When science and commerce collide
A couple of stories at Wired Science shows:
First, the pesticide industry is fighting back against findings that bee colony collapse, which has the potential to be an environmental catastrophe, given the extent to which flowering plants depend on bees for reproduction. It’s not clear that the pesticide industry is able to maintain an open mind given the stark conflict of interest, but it is clear that they will go to any lengths to keep selling pesticides regardless of environmental harm—I would say “voluntary guidelines” (which never work) is out of the question here. The link is very much worth the click.
Second, the Supreme Court is taking up the crop-patent case brought by Monsanto, not a firm worthy of trust. Timothy Lee reports for Ars Technica:
Can a farmer commit patent infringement just by planting soybeans he bought on the open market? This week, the Supreme Court asked the Obama administration to weigh in on the question. The Court is pondering an appeals court decision saying that such planting can, in fact, infringe patents.
In 1994, the agricultural giant Monsanto obtained a patent covering a line of “Roundup Ready” crops that had been genetically modified to resist Monsanto’s Roundup pesticides. This genetic modification is hereditary, so future generations of seeds are also “Roundup Ready.” Farmers had only to save a portion of their crop for re-planting the next season, and they wouldn’t need to purchase new seed from Monsanto every year. The company didn’t want to be in the business of making a one-time sale, so when Monsanto sold “Roundup Ready” soybeans to farmers, it required them to sign a licensing agreement promising not to re-plant future generations of seeds.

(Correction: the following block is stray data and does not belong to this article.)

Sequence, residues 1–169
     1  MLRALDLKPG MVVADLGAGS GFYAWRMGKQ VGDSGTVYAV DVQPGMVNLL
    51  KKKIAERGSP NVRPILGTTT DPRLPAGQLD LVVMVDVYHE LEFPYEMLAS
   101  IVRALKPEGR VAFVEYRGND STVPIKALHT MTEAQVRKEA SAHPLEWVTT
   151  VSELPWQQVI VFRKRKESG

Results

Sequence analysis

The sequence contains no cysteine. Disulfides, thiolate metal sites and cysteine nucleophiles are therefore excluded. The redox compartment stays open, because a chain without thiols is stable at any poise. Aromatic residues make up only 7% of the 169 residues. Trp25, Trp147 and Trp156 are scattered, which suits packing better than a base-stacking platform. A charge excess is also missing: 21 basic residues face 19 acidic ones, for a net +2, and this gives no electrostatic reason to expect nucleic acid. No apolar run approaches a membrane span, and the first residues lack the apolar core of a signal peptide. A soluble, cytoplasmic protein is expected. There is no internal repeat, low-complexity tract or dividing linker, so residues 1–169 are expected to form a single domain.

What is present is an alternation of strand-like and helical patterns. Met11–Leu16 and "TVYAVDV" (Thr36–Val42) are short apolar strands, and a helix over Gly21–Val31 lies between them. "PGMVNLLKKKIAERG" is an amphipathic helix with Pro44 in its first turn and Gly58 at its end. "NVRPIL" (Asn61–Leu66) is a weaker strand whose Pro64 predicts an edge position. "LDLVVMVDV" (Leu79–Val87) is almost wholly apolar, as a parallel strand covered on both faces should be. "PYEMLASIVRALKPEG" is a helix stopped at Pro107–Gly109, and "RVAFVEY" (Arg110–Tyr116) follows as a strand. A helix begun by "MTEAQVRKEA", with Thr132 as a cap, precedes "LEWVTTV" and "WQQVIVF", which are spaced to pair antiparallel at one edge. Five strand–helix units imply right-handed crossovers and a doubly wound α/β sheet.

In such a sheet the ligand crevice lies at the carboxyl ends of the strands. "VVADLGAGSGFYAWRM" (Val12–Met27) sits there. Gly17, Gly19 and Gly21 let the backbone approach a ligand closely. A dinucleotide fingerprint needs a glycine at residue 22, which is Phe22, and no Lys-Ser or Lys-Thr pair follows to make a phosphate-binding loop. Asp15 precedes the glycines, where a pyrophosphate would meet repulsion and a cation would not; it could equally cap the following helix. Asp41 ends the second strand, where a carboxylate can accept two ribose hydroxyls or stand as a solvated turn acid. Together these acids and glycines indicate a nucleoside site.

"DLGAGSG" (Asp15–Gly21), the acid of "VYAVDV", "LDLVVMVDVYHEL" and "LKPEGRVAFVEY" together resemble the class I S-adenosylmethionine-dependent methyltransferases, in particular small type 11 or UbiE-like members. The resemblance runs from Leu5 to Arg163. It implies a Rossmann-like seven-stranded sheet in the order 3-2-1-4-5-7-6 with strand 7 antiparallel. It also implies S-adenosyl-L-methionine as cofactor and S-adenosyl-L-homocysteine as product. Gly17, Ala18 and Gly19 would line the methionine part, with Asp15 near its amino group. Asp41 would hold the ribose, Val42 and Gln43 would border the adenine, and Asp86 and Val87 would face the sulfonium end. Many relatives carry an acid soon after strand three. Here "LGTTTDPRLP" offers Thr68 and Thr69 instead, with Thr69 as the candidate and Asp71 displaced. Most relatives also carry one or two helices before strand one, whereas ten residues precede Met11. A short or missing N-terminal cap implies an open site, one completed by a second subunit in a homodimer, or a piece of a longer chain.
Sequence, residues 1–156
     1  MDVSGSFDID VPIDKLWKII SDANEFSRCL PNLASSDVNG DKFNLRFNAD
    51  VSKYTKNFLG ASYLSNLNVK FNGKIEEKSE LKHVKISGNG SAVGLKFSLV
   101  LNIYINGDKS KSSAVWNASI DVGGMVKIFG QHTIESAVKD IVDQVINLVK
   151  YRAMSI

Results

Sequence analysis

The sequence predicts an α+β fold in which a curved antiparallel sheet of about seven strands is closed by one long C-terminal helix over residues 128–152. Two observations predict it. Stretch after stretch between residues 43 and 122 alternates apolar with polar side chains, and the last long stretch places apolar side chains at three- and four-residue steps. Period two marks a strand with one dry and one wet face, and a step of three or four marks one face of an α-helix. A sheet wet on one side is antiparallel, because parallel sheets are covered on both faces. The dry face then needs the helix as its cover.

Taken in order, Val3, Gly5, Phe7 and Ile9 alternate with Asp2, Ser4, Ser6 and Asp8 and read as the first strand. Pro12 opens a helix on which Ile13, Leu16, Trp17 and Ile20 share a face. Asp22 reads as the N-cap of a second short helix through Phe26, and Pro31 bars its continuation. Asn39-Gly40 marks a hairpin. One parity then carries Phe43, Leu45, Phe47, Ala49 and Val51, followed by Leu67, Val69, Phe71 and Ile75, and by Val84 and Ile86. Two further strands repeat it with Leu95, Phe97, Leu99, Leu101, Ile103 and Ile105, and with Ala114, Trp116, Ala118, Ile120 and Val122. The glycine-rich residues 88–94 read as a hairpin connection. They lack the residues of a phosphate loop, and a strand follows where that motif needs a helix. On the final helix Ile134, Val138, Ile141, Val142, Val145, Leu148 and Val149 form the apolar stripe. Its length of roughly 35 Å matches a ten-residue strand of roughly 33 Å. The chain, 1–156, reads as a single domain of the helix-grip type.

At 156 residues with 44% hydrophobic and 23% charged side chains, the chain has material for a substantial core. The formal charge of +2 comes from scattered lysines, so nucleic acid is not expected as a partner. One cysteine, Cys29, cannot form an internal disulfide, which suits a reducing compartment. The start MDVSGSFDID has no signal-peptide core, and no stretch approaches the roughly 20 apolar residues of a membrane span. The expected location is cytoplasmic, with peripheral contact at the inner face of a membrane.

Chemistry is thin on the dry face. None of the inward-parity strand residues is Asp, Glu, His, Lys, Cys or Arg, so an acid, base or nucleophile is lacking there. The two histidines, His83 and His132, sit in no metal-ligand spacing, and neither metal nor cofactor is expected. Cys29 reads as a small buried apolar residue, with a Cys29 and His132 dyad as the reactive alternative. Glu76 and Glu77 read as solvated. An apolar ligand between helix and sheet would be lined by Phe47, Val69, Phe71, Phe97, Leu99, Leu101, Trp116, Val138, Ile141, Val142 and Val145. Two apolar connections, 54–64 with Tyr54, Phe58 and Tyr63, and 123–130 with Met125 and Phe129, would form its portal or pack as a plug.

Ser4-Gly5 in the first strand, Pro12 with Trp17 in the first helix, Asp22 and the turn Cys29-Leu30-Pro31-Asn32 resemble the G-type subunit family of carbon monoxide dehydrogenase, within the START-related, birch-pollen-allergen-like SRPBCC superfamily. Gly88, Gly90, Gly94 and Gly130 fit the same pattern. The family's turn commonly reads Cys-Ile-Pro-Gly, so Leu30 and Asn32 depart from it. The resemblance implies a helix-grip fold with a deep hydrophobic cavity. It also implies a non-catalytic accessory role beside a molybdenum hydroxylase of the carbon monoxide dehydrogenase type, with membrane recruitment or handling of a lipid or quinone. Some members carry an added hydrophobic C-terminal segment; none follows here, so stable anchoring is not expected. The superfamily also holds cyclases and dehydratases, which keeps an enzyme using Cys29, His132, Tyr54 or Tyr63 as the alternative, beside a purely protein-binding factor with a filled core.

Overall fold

However, farmers remain free to sell the soybeans they grow in the commodity market, where most are used to feed people or livestock. Roundup Ready soybeans have become extremely popular; they now account for 94 percent of all acres planted in Indiana, for instance. Vernon Bowman, an Indiana farmer, was a customer of Monsanto who realized that Roundup Ready soybeans had become so common in his area that if he simply purchased commodity soybeans from a local grain elevator, the overwhelming majority of those soybeans would be Roundup Ready. Commodity soybeans are significantly cheaper than Monsanto’s soybeans, and they came without the contractual restriction on re-planting.
So Bowman planted (and re-planted) commodity soybeans instead of using Monsanto’s seeds. When Monsanto discovered what Bowman was doing, it sued him for patent infringement.
Patent Protection or Freedom to Farm?
Bowman argued his use of the seeds is covered by patent law’s “exhaustion doctrine.” This doctrine, like copyright law’s first sale doctrine, holds that . . .